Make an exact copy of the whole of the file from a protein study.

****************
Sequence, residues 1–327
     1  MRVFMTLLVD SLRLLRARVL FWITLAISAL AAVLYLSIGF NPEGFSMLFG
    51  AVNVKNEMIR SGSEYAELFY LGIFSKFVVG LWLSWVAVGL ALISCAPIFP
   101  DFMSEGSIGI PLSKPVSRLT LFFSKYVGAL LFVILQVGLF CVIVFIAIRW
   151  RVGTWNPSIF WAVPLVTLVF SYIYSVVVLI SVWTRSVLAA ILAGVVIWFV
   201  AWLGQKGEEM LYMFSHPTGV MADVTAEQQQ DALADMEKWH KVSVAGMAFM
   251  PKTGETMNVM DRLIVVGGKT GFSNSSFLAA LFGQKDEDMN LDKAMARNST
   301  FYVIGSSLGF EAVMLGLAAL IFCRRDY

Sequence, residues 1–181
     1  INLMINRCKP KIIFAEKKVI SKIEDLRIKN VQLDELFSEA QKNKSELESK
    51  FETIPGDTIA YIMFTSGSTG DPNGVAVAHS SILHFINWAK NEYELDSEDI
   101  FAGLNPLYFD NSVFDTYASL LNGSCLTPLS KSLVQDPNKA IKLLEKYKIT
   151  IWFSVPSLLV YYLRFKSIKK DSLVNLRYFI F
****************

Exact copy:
Sequence, residues 1–327
     1  MRVFMTLLVD SLRLLRARVL FWITLAISAL AAVLYLSIGF NPEGFSMLFG
    51  AVNVKNEMIR SGSEYAELFY LGIFSKFVVG LWLSWVAVGL ALISCAPIFP
   101  DFMSEGSIGI PLSKPVSRLT LFFSKYVGAL LFVILQVGLF CVIVFIAIRW
   151  RVGTWNPSIF WAVPLVTLVF SYIYSVVVLI SVWTRSVLAA ILAGVVIWFV
   201  AWLGQKGEEM LYMFSHPTGV MADVTAEQQQ DALADMEKWH KVSVAGMAFM
   251  PKTGETMNVM DRLIVVGGKT GFSNSSFLAA LFGQKDEDMN LDKAMARNST
   301  FYVIGSSLGF EAVMLGLAAL IFCRRDY

Sequence, residues 1–181
     1  INLMINRCKP KIIFAEKKVI SKIEDLRIKN VQLDELFSEA QKNKSELESK
    51  FETIPGDTIA YIMFTSGSTG DPNGVAVAHS SILHFINWAK NEYELDSEDI
   101  FAGLNPLYFD NSVFDTYASL LNGSCLTPLS KSLVQDPNKA IKLLEKYKIT
   151  IWFSVPSLLV YYLRFKSIKK DSLVNLRYFI F